28.2.17

DRIFTING IN THE WIND


Ben Kessler. Rivers of Wind: Reflections on Nature and Language. ICRL Press, 2016.

Ben Kessler has written eighteen essays exploring the etymological roots of language and how it impacts on his view of the natural world. That view, according to the book’s blurb, is mostly from “a little hollow in the Blue Ridge Mountains of central Virginia” where Kessler lives.
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Kessler’s observations are never narrowly parochial: for he extrapolates his thoughts from the local neighbourhood to the global terrain.

He sees the power of words (The English language) to be dying from Imperialist and capitalist intervention and the planet to be suffering death throes from a blight of over-consumption, environmental degradation and our contribution to global warning. Kessler is deeply concerned, caring and passionate about us saving the planet. Unfortunately he throws too many ‘urgent’ questions at the reader with little or no attempt at providing answers on how to carry out the saving.

That’s not necessary a criticism of Rivers of Wind (Many experts are arguing about right solutions, and you have to be aware of competing governments with their own environmental agendas). No, my concern is that Kessler gives us an overloaded list of questions that are no substitute for tough analysis. These questions quickly become cries, then a critical prodding and finally howls of protest. Rivers of Wind is a much too generalised declamation of discontent neatly interspersed with loving descriptions of rabbits, eagles, black birds, flies, the stars etc.

This isn’t helped by Kessler’s rhetorical style. Without ever becoming a polemic or worse, a rant, it does weaken the power of writing that’s both interesting and factually engaging and yet so overwrought to the point of being maddeningly ‘poetic’. I really wish he’d been more of a Thoreau and dispassionate environmentalist than some het up Walt Whitman bombastically wondering how much grass will be destroyed by our crazy exploitation of everything!

However amidst his high flown energy, three of Kessler’s essays are remarkable. Apoptosis is most suggestive on the process of insect metamorphoses, with some sharp ideas about our remembrance of things.
If the mechanism for the retention of all memories across metamorphosis cannot be pinned to a physical structure in the animal’s body, would that imply a non-physical medium for at least some sorts of memory?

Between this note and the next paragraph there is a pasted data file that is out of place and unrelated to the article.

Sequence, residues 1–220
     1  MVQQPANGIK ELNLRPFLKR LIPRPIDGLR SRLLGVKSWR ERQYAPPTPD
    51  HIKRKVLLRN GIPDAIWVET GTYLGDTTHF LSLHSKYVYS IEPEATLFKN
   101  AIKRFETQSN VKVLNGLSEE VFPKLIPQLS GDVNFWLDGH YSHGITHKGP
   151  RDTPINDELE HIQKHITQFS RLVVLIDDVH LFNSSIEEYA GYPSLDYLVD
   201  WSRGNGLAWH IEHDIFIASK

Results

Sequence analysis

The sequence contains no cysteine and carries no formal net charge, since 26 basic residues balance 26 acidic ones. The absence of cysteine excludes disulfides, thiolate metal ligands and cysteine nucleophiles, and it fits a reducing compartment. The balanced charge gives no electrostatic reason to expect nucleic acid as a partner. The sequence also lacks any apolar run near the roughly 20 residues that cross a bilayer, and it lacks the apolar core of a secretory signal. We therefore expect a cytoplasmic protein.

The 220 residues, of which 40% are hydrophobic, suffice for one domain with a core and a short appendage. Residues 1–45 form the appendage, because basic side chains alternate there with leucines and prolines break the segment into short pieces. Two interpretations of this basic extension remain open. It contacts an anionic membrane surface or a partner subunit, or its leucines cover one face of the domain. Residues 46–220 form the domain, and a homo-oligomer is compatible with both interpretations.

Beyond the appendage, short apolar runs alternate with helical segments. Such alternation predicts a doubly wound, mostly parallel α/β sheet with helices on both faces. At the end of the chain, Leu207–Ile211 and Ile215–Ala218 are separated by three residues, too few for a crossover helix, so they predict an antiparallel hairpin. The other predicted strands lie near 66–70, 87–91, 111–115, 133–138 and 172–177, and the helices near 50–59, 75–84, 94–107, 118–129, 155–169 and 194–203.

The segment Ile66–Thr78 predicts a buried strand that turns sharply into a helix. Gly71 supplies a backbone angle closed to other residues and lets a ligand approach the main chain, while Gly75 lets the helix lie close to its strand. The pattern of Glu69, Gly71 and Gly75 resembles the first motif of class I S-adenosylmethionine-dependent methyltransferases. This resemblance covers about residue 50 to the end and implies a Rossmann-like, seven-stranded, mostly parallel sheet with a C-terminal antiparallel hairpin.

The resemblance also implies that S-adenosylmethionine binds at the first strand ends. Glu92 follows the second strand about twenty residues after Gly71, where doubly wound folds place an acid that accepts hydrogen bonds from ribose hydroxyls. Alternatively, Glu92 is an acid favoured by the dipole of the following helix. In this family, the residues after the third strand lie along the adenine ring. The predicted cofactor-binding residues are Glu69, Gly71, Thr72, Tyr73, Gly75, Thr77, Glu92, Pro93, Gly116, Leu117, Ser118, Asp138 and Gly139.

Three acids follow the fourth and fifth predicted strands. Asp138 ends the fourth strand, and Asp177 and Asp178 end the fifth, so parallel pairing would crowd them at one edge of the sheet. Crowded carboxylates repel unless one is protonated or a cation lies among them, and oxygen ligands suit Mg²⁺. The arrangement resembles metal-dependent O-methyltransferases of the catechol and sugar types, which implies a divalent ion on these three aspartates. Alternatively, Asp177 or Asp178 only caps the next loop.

'Last Season’s Fruit' describes the site of the ‘diseased’ Chernobyl disaster and provocatively, yet powerfully, links it with the experience of urban areas of ‘healthy’ cities.
Viewed from the point of view of a morel fungus, or a centipede, or a beech tree, urban areas constitute a threatening expanse of dead space, requiring aggressive medical intervention. As the ten-kilometre zones of uninhabitability surrounding Chernobyl reactor is to human beings, so are the thousand–kilometre zones of Los Angeles or Kiev to a wolf or a fern.
And 'Martha’s Heart' is a fascinating piece on the pathologist R.W.Schufeldt who in 1914 extracted the heart from the last passenger pigeon.

Near the end of Rivers of Wind Kessler attempts some new mythmaking of his own. The results are clunky.
And so it came to pass, in the dark days of the strangers, that there arose among the people those who chafed beneath the yoke. Within their hearts they felt not the hollowness of the Only True Way, but an aching richness that seemed to emanate from the ruined forests and blasted hills.
That’s to be found in the essay called 'Tall Stories'. I agree with Kessler about employing myths and reinvigorating language to give us alternative options to daily dystopian news-stories speculating on our future. But bad prose is no substitute for authentic inspiration. A book then for the ecologist, poet, scientist and maybe general reader. But not quite.

Tread carefully round Kessler’s hollow in the Blue Ridge Mountains and you will be occasionally rewarded. Though I really wish I could have brought in the sheaves from a more intelligible harvest of ideas and descriptive states. -- Alan Price